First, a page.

The exhibition title is succinct and programmatic – “Freeing Architecture” – just like the question we ask Isabelle Gaudefroy, curator of the solo show dedicated to the Japanese architect: What must architecture be freed from? “Freeing Architecture is the manifesto of an architect who makes dreams come true: his and those of a society that never stopped believing that functionalism isn’t the only answer. Ishigami presents a true body of works that aim to enhance the desire to free architecture from the constrictions of weight, matter, form: these are his concerns”. In addition to 20 large models and videos of his most ambitious projects, the show at the Fondation Cartier is enriched by a catalogue that clearly traces the genesis of his practice including his minute and detailed landscape drawings that unleash the poetry of his works. Unconcerned with scale, Ishigami puts no limits to his designs, interpreting them with subtle, never banal creativity that is always imbued with novelties or unexpected effects. The Japanese architect has a strong passion for nature and has a liking for the world of dreams as a primary source of inspiration.
Freeing the structure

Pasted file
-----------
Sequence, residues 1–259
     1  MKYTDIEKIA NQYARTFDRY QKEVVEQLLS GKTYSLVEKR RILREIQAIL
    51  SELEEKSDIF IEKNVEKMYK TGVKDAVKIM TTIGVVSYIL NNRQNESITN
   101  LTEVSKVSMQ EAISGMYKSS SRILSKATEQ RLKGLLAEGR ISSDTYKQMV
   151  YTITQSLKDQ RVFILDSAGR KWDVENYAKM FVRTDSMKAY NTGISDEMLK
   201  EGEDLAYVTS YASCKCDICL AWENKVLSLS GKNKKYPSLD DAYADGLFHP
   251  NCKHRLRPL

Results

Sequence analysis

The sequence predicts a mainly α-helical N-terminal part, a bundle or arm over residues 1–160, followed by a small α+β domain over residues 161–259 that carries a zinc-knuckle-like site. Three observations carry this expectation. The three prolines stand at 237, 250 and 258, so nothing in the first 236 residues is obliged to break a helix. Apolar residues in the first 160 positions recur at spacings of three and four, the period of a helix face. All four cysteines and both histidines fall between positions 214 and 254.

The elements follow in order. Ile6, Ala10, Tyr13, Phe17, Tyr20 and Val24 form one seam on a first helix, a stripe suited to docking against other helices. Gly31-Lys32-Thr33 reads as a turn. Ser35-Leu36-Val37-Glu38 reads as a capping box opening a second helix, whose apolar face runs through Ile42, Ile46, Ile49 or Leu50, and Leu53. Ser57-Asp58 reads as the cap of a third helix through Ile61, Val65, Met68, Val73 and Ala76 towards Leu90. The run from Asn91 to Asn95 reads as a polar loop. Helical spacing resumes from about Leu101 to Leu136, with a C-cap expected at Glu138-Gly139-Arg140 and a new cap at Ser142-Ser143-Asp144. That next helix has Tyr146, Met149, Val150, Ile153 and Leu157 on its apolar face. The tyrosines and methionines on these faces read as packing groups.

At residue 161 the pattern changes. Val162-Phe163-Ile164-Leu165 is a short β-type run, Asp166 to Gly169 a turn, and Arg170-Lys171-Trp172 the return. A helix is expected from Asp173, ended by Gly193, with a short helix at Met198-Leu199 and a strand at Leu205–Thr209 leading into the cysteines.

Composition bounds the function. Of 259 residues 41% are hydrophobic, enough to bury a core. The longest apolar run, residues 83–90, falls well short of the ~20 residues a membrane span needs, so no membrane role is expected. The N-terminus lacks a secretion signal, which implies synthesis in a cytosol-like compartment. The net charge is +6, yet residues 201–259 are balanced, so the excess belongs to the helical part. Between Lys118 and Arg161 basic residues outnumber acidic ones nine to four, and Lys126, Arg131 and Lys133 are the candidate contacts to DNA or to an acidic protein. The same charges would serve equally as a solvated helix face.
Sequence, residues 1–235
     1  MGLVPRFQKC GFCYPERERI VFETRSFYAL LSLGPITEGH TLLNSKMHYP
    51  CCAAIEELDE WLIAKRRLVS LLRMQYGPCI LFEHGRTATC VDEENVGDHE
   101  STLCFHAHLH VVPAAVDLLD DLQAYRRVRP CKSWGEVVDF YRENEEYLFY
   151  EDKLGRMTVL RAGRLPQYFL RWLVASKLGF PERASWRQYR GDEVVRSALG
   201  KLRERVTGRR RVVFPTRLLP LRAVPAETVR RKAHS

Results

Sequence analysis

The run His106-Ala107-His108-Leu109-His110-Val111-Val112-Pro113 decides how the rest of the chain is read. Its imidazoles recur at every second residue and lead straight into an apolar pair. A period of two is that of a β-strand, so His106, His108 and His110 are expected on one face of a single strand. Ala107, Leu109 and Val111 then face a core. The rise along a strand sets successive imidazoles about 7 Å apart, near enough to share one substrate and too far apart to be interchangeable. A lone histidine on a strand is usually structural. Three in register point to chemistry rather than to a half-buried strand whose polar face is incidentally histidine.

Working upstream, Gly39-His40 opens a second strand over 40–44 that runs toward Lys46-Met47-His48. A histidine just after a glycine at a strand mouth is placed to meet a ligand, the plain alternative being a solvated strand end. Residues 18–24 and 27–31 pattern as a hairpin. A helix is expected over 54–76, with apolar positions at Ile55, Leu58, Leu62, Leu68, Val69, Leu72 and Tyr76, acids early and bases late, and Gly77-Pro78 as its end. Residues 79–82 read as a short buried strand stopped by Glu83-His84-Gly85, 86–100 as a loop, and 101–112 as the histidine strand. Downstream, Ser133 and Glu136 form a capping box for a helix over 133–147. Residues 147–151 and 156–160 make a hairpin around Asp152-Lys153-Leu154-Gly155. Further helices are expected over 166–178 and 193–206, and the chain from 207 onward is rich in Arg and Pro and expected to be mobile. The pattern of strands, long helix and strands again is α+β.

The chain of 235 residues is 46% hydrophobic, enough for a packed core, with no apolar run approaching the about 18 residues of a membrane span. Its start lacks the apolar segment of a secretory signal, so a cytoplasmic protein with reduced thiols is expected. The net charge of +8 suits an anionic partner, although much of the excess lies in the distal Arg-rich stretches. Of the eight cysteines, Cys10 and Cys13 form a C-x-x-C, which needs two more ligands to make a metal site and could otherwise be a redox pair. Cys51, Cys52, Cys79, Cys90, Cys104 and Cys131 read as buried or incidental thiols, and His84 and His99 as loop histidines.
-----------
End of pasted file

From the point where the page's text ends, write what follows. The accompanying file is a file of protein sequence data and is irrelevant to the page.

The selection of works on display denotes freedom: what Ishigami declares as “Freeing Architecture” is, in reality, an obsession for design with spatiality at times brilliant but excessive, almost oneiric. In this sense, the exhibition should be read as an invitation to explore, without preconceived notions, the proposals of a visionary architect who isn’t afraid of exaggerating and pushing the boundaries. Even though for this exhibition Ishigami chose projects that have been built or are under construction, each one is a reflection that challenges all the structural details, including building technology and installation. It’s no coincidence that the structures of many of his projects are entrusted to Jun Sato, perhaps the most brilliant structural engineer in all of Japan. In his investigations, a key concept is the strong desire to offer new structural solutions that do not use the generic beam-pillar system. In particular, the design for eight villas in Dali, China, includes giant masses that play a two-fold role: as a structural system and a partition element. The megalithic stones present in the region are used to support a roof in reinforced concrete that is 300 metres long. The masses – used thusly – create a sinuous interior landscape, separated by wide glass partitions and interspersed with skylights that allow sunlight to enter inside. The fluidity of the spaces for the House and Restaurant project in Tokyo calls to mind some experiments by Oscar Niemeyer on the “negative space” and the creation of Ryue Nishizawa for the Teshima Art Museum. The building technique consists in using the land as a natural formwork: more specifically, deep holes, braced with iron and filled with cement. Once the cement dries, the dirt is removed, thus freeing the structure. The result is an organic building that optimises the construction technique in favour of a natural aesthetic. The design for the Groot Vijversburg Park in Holland has no pillars but a structural glass that allows interaction between the outside and the inside without any visual obstruction. The curved, 100 m-long roof for the multipurpose plaza at the University of Kanazawa is composed of a 12 mm-thick steel sheet without any pillars: it takes advantage of the curved geometry to optimise the distribution of weight.